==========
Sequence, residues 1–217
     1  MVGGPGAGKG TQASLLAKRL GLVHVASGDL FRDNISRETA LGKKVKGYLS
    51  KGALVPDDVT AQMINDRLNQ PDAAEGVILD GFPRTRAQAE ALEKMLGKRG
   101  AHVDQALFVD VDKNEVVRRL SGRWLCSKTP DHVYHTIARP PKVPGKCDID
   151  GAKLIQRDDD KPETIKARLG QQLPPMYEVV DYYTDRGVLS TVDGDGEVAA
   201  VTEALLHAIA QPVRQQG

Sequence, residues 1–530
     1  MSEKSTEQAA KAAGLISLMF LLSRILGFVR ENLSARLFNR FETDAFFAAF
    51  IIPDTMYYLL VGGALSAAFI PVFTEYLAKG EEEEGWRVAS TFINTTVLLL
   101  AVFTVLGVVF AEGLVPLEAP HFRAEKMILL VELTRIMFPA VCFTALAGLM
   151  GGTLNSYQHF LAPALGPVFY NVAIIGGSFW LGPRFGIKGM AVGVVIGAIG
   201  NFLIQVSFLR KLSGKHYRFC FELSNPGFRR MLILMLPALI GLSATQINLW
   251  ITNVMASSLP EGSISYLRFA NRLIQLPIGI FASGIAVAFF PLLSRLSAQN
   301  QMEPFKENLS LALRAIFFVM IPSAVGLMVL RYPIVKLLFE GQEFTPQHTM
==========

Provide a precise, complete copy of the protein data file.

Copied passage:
Sequence, residues 1–217
     1  MVGGPGAGKG TQASLLAKRL GLVHVASGDL FRDNISRETA LGKKVKGYLS
    51  KGALVPDDVT AQMINDRLNQ PDAAEGVILD GFPRTRAQAE ALEKMLGKRG
   101  AHVDQALFVD VDKNEVVRRL SGRWLCSKTP DHVYHTIARP PKVPGKCDID
   151  GAKLIQRDDD KPETIKARLG QQLPPMYEVV DYYTDRGVLS TVDGDGEVAA
   201  VTEALLHAIA QPVRQQG

Sequence, residues 1–530
     1  MSEKSTEQAA KAAGLISLMF LLSRILGFVR ENLSARLFNR FETDAFFAAF
    51  IIPDTMYYLL VGGALSAAFI PVFTEYLAKG EEEEGWRVAS TFINTTVLLL
   101  AVFTVLGVVF AEGLVPLEAP HFRAEKMILL VELTRIMFPA VCFTALAGLM
   151  GGTLNSYQHF LAPALGPVFY NVAIIGGSFW LGPRFGIKGM AVGVVIGAIG
   201  NFLIQVSFLR KLSGKHYRFC FELSNPGFRR MLILMLPALI GLSATQINLW
   251  ITNVMASSLP EGSISYLRFA NRLIQLPIGI FASGIAVAFF PLLSRLSAQN
   301  QMEPFKENLS LALRAIFFVM IPSAVGLMVL RYPIVKLLFE GQEFTPQHTM